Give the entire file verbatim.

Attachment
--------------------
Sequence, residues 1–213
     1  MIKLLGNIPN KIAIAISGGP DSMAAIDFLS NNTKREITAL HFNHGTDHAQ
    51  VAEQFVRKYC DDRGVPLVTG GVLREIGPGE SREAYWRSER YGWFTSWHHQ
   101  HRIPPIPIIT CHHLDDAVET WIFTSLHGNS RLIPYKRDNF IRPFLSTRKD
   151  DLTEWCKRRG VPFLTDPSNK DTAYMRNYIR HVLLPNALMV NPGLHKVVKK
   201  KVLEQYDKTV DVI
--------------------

Sequence, residues 1–213
     1  MIKLLGNIPN KIAIAISGGP DSMAAIDFLS NNTKREITAL HFNHGTDHAQ
    51  VAEQFVRKYC DDRGVPLVTG GVLREIGPGE SREAYWRSER YGWFTSWHHQ
   101  HRIPPIPIIT CHHLDDAVET WIFTSLHGNS RLIPYKRDNF IRPFLSTRKD
   151  DLTEWCKRRG VPFLTDPSNK DTAYMRNYIR HVLLPNALMV NPGLHKVVKK
   201  KVLEQYDKTV DVI